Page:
What Can Individuals Do?

As I mentioned in my introduction, the phrases ‘Sustainable Tourism’,  ‘Responsible Tourism’ or ‘Responsible Travel’ are used interchangeably and are frequently to be found in travel literature.   So what do these terms mean in a more tangible tourism context i.e. what can we as individuals do, and what are we at Alexandra’s Africa doing given our own interest in doing as much as we can in this regard.

Veronica Morrison (2017) in a blog entitled ‘What is Responsible Travel’ writes about the importance of tourism to many economies and outlines how responsible travel does not mean for example – not travelling, as this could be as damaging to some economies as over-tourism. It also doesn’t mean you have to shower with a bucket and cold water!  Whilst that might make for a uniquely adventurous trip, as Morrison points out, luxury travel and responsible travel are not necessarily mutually exclusive.

Morrison also outlines what in her opinion it does mean and she describes a responsible traveller as someone who:

  • Immerses themselves in the places they visit
  • Is socially and culturally aware, appreciative and respectful
  • Supports local communities
  • Engage with locals
  • Ensures that the tour operator has a sustainability program and/or demonstrates ethics and principles that are socially, economically and ecologically sound.

We think the above is as good a list of guidelines as any other we have seen, and it provides some useful practical suggestions.

Pilato Bulala in his outside gallery talking to Alexandra's Africa guests about his work

What are we doing about this at Alexandra’s Africa?

We are a small company and as such do not have the financial clout of some of the larger companies (our colleagues) in the industry.  But we believe:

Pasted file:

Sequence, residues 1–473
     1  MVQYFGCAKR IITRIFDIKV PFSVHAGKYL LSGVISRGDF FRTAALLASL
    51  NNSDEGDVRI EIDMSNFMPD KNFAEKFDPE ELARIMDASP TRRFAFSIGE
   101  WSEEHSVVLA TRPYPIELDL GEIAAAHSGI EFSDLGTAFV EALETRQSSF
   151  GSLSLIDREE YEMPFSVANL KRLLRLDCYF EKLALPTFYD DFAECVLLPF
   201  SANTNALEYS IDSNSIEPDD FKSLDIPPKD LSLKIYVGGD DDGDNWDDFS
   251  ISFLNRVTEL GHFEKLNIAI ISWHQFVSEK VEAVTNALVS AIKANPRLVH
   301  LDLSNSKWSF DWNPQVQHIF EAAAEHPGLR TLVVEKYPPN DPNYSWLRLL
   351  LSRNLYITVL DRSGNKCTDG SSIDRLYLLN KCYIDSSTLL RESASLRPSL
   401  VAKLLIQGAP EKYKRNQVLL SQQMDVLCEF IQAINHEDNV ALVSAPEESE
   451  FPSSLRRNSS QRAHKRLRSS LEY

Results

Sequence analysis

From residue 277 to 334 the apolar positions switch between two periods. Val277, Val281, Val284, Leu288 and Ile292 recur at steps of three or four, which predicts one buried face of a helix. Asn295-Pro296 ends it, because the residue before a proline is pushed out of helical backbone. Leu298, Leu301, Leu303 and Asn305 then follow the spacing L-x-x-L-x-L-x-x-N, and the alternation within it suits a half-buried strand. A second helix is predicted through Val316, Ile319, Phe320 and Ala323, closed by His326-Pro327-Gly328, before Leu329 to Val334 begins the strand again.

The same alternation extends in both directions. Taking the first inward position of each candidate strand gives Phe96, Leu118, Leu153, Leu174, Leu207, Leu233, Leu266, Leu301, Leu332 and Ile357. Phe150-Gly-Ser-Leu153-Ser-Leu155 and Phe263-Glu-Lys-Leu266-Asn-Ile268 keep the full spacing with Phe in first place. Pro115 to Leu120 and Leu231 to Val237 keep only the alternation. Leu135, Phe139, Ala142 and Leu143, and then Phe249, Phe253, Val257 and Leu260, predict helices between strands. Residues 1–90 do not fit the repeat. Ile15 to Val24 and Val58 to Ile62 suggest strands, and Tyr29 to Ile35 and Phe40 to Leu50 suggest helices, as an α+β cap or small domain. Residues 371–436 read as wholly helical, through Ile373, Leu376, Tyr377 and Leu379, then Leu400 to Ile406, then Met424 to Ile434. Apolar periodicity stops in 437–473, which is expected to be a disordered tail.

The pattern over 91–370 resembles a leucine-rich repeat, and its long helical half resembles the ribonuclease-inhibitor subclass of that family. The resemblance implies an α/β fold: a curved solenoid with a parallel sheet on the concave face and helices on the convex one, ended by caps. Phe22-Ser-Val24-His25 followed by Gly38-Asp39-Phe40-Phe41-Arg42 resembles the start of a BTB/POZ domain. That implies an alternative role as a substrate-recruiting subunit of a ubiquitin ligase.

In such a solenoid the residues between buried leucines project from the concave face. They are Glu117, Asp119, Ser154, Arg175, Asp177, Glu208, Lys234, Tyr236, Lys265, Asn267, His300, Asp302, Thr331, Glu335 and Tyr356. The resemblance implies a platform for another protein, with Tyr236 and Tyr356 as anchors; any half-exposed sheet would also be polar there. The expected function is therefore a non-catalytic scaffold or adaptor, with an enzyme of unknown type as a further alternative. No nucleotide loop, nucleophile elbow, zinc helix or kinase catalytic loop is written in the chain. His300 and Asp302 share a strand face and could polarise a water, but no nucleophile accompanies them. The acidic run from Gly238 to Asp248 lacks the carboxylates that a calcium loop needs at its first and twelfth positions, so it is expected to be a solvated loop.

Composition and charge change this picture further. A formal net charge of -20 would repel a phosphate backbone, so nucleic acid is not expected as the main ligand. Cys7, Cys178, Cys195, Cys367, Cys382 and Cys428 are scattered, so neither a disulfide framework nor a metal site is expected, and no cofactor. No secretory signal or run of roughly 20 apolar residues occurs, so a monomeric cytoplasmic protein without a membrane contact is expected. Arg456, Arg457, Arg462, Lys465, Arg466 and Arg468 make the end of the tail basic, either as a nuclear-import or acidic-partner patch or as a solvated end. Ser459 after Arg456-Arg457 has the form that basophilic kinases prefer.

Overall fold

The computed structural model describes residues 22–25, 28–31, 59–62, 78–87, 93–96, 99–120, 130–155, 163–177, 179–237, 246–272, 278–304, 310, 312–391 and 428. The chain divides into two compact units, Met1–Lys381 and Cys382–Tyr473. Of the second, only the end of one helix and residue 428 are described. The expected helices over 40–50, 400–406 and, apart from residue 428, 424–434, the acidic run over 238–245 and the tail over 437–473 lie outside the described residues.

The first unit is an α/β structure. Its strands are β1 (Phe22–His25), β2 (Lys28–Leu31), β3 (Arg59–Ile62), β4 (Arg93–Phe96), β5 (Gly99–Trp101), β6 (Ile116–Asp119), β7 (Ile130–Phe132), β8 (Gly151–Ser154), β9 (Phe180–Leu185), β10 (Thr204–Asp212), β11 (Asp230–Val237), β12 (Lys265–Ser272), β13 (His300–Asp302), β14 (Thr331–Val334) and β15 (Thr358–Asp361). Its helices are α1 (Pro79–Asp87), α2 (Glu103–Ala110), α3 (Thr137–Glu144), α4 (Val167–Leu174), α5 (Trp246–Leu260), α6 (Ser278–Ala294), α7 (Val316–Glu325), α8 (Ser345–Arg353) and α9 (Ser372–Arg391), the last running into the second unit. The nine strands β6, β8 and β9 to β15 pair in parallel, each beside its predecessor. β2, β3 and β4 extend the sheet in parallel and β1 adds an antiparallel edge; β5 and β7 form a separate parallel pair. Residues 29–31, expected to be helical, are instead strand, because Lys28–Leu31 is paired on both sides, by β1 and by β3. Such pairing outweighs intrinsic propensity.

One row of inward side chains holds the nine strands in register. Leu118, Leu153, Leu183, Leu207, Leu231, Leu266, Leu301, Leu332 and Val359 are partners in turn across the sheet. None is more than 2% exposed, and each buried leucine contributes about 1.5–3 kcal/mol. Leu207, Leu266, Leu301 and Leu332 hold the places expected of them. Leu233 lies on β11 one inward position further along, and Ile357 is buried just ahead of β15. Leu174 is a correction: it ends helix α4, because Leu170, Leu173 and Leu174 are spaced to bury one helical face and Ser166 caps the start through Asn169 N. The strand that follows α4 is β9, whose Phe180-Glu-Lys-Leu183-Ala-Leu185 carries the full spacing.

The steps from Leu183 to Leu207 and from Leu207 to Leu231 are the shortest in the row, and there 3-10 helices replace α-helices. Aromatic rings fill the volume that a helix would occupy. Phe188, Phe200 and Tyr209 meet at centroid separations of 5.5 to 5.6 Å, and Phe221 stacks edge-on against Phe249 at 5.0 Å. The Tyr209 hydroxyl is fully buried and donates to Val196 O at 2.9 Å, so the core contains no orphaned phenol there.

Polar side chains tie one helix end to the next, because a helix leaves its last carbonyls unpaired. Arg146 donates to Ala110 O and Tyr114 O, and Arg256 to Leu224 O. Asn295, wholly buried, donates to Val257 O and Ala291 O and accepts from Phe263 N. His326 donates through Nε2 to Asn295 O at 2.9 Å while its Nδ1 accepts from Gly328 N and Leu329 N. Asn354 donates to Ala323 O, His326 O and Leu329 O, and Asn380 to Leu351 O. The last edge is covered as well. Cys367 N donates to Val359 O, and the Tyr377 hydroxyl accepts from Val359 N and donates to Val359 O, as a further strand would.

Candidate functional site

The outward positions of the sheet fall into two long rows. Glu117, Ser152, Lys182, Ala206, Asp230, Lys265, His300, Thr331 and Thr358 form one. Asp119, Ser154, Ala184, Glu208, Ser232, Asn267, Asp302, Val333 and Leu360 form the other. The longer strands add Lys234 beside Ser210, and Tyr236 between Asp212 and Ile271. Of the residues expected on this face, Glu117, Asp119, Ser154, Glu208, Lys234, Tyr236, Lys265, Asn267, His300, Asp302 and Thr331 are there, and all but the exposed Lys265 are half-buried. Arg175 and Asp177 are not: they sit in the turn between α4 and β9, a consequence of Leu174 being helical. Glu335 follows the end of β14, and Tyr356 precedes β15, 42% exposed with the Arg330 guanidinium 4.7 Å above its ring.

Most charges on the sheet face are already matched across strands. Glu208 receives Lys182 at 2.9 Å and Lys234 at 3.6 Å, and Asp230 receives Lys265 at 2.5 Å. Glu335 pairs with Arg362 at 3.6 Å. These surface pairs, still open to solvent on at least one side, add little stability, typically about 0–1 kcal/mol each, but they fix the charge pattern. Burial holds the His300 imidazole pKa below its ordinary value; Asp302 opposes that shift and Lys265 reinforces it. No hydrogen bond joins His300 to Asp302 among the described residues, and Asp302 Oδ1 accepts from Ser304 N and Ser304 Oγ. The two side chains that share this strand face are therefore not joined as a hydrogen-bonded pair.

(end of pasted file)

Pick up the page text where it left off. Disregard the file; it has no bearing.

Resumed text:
• That every little bit helps – every local artist and supplier we support, every piece of litter we collect, every contribution we are able to make to our partner charity ‘Ubambiswano’ – it all helps;
  • That sustainable tourism won’t be achieved by a heavy handed top down approach through regulation or policy – but rather by lots and lots of ‘not for profit’ operators like ourselves across the industry, doing all we can to help. This will create over time a ground swell of change that we feel is already happening;
  • Our outside-in (community first) business model, rather than a more traditional inside-out (company first) model, is one that reflects our values and in the longer term will be sustainable for us and the communities in our areas of operation;
  • By making our own guests aware of our own sustainability criteria/actions – we might and should be judged.  These are:
    • Keeping ground travel to a minimum
    • Working with small/local suppliers
    • Paying our suppliers a fair price
    • Supporting local female founders
    • Supporting local artists – buying direct
    • Contributing to local educational charities

We have short, medium and long term strategies, not only for ensuring we continue to offer our guests a uniquely enjoyable, immersive eco-cultural safari experience, but also for finding ways to support the communities within which we operate.

At the start of this blog, I wrote that ‘sustainability’ is a key driver for us. On reflection it is our desire to help and to make a difference that is our key driver. However as responsible operators, sustainability and sustainable practices are at the heart of what we do at Alexandra’s Africa.

In our next blog we will be telling you a little more about the story behind our partner charity Ubambiswano and how we are trying to make a difference.





Manente, M., Minghetti, V., Mingotto, E. (2014)  Responsible Tourism and CSR: Assessment Systems for Sustainable Development of SMEs in Tourism, London: Springer.

Morrison, V. (2017)  “What is responsible Travel”, Travel Tourism News, website: Traveltourism.news/what-is-responsible-travel/ Accessed: 31/12/2017.

Robertson, M. (2017) Sustainability Principles and Practice, Second edition. New York: Routledge.

Sitarz, D. (2008) Greening Your Business. The Hands on Guide to Creating a Succesful and Sustainable Business. Carbondale, IL: Earthpress.


Alexandra’s Africa is a Hampshire, UK Based, independent, niche Safari Company, offering a range of sustainable, hosted eco-cultural safaris in Southern Africa.

Tel: 02382 354488

W: www.alexandrasafrica.com

E: info@alexandrasafrica.com